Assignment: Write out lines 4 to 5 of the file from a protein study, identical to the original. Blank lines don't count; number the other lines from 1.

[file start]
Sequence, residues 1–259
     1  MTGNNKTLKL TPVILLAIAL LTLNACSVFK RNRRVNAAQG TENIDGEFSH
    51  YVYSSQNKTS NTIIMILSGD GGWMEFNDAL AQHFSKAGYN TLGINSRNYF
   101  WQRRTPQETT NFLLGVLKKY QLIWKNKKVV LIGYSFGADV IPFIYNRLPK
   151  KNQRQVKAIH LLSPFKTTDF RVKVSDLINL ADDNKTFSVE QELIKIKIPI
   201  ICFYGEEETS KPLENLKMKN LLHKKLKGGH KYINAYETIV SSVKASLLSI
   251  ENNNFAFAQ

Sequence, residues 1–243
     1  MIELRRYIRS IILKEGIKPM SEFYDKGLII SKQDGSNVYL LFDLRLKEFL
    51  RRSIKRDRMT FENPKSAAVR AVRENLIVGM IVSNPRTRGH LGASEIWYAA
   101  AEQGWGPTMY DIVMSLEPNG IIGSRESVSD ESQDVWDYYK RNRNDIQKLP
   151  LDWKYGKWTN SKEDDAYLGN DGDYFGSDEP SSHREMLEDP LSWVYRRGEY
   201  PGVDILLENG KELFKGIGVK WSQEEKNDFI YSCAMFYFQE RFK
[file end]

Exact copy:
   101  WQRRTPQETT NFLLGVLKKY QLIWKNKKVV LIGYSFGADV IPFIYNRLPK
   151  KNQRQVKAIH LLSPFKTTDF RVKVSDLINL ADDNKTFSVE QELIKIKIPI